Editor’s Note: This diary entry is the thirty-fifth in a series of entries describing Teresa Dybvig’s strategies for preparing for an upcoming recital after a long break from performing. Keep posted for further installments. For more about The Well-Balanced Pianist, click on this link: http://www.wellbalancedpianist.com/
Wednesday, November 5: being happy, being grateful
Four days to go! At this point, I figure the two best things I can do for myself are to remain happy and well-rested. I am sleeping well, which I take as a good sign. When I first started doing even tiny performances after recovering from harmful effects of a medication, I had a lot of trouble letting go of the music I was about to perform long enough to sleep. This week, I feel encouraged because I can summon the discipline to sleep. It gives me the chance of being alert at my recital, and the hope that I will bring the same mental discipline to the recital.
I figure that happiness is also my responsibility. Not only am I responsible for the way I interpret the events in my life, but also, I can manage my life so I engage in activities that make me happy. Yesterday, I took a walk on the beach, and I saw a fox! It was in its lush winter coat, deep russet with white tail tip. Gorgeous.
I am also making a special effort to practice enjoying the music on my program. Like everything else we want to happen in performance, I’m pretty sure we have to practice enjoying the music, as opposed to worrying and fussing, if we are to enjoy it in performance.
I’m also consciously practicing gratitude. Spending some time consciously reviewing all the reasons we have to be grateful keeps us positive. In the daily practice journal from his Playing Your Best When It Counts: High Performance Journal, Dr. Bill Moore includes the question, “What am I most thankful for today?” And according to researcher Dr. Robert Emmons, practicing gratitude brings us a host of benefits, including alertness, optimism, and lower blood pressure – all positives in preparing for a recital.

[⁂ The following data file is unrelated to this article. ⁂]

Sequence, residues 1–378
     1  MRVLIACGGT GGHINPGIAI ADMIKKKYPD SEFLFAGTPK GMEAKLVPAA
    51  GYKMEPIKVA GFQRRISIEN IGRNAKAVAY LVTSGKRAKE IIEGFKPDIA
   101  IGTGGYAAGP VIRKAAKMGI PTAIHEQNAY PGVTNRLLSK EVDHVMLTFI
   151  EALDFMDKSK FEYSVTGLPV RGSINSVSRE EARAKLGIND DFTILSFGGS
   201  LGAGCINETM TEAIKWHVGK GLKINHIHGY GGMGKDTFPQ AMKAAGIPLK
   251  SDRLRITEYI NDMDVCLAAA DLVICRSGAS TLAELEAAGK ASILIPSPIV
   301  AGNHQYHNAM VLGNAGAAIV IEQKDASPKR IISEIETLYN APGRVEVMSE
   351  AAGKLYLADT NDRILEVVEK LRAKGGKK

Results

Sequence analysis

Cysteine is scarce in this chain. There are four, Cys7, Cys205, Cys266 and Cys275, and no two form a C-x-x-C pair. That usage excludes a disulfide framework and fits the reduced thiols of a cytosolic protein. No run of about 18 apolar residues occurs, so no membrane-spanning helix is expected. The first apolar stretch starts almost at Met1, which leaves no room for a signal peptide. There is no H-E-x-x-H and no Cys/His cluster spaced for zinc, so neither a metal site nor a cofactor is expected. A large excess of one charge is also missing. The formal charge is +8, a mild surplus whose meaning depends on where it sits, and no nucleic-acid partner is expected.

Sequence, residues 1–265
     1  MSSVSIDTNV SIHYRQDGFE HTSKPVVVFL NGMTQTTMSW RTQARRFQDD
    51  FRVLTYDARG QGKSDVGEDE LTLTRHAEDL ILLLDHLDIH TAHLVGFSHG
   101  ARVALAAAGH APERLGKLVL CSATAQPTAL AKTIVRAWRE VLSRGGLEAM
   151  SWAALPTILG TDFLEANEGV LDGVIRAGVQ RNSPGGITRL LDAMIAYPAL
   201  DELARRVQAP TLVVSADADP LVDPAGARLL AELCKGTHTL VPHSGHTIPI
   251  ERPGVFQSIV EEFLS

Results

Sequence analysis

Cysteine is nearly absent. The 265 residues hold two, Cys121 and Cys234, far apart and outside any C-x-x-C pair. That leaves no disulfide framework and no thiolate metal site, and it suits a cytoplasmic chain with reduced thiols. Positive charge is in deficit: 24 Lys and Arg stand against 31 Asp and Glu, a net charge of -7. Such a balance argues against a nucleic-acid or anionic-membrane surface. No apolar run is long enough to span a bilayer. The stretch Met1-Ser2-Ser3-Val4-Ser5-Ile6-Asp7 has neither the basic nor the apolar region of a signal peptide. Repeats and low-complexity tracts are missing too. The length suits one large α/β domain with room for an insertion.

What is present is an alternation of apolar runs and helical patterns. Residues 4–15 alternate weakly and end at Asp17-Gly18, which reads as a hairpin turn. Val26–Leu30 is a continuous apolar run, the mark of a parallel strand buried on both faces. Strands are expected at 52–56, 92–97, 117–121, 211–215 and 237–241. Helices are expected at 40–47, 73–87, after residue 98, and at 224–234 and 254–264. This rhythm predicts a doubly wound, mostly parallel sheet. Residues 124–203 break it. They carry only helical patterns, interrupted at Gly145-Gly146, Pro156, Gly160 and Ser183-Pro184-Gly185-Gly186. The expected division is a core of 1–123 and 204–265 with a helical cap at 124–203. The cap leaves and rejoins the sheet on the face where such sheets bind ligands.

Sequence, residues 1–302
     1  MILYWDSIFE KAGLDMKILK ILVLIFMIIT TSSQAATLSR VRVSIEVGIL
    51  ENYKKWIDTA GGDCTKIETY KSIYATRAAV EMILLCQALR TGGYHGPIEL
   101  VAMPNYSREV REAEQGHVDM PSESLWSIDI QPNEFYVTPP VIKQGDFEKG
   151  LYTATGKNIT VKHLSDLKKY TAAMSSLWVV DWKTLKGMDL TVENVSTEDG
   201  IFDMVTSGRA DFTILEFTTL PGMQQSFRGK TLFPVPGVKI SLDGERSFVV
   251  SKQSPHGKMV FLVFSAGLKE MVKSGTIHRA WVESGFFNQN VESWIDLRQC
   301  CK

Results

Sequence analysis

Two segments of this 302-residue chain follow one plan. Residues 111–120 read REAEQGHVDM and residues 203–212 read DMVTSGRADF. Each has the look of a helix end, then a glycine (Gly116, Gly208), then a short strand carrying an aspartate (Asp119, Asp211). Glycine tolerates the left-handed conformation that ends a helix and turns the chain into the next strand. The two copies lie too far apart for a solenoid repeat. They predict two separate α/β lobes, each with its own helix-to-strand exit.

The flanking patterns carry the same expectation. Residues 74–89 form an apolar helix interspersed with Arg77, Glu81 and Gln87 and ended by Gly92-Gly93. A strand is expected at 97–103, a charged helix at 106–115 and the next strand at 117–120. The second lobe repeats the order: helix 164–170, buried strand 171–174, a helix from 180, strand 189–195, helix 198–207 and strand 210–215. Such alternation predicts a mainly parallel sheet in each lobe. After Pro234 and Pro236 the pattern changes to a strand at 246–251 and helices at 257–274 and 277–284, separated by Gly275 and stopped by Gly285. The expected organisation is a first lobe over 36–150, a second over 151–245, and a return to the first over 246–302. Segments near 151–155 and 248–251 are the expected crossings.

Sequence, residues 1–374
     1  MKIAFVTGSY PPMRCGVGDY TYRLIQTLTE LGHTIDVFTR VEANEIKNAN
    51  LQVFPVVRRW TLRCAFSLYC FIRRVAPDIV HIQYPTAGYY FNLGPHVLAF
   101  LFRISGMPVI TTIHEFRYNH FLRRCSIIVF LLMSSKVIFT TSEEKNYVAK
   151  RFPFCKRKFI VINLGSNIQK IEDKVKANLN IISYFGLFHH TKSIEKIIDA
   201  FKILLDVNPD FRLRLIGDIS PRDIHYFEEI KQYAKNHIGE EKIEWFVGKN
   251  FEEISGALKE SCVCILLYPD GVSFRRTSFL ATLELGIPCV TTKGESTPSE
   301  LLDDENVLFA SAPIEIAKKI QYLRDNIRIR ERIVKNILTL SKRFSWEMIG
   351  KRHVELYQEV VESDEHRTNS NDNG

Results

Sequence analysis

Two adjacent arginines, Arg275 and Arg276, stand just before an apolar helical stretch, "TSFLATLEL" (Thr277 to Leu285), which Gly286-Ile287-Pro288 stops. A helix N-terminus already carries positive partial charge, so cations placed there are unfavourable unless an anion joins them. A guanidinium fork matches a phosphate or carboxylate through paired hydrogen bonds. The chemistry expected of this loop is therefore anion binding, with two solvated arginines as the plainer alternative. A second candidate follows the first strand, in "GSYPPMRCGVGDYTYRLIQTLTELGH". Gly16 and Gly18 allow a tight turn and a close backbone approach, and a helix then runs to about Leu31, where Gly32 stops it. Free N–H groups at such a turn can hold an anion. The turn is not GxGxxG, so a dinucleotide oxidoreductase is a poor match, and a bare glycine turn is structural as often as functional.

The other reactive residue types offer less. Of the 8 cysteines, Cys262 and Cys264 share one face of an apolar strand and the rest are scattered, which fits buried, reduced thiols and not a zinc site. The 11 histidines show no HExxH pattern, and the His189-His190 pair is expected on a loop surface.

One way to practice gratitude is to make gratitude lists, or keep a gratitude journal. This week I am making myself a gratitude list. I have a good life, so I only need to point my mind in that direction and the gratitude flows. It includes Beethoven, Debussy, and Janáček, of course! Then, other forms of art – visual arts, dance, textiles, etc. The beauty of nature. Gardens!
Great systems of knowledge – the Feldenkrais Method, the Taubman approach, Iyengar Yoga, and devoted teachers of all those methods. Artist teachers. Creative and knowledgeable doctors, good health, health insurance! And not to forget my fantastic piano technician, and performance coaches who encourage us to practice gratitude!
This train of thought brings me to all the wonderful people in my life. My husband, first and foremost. Words cannot express how much he brings into my life. My students! The way they work with the tools I give them inspires me, and their seeking questions push me to be my best.
Finally, my friends! The people who enrich my life are spread far and wide. And, did I tell you about my audience? Just this one time, for this one recital, as I try to get back into performing shape after these difficult years, I decided to play a house concert and only invite loving friends. I even told them so! When I invited them, I invited them to a house concert for people who will love me no matter what. Then I backpedaled by saying that, unconditional love being a rather high bar, it was actually a house concert for people who would support me on my piano journey even if I played a lousy concert that day. This quip prompted some to touchingly promise me unconditional love and support no matter what.
I am particularly grateful that, even though I have filled my studio with just about as many loving and supportive people as it can hold, there are still more loving and supportive people in my life whom I would like to invite. When I reflect that I knew only one person when I moved here, I am truly grateful for all these loving friends in my life.
Making my gratitude list really does make me feel more lively and alert! Good thing – I need to go shopping for the reception. 🙂
Teresa Dybvig is founder and director of The Well-Balanced Pianist, an organization which presents programs across North America based on an integrated approach to teaching, learning, and performing. Previously on the faculty of the Taubman and Golandsky Institutes, Dr. Dybvig now teaches privately in Long Island, Manhattan, Chicago, and Denver. She specializes in helping pianists with playing-related injuries.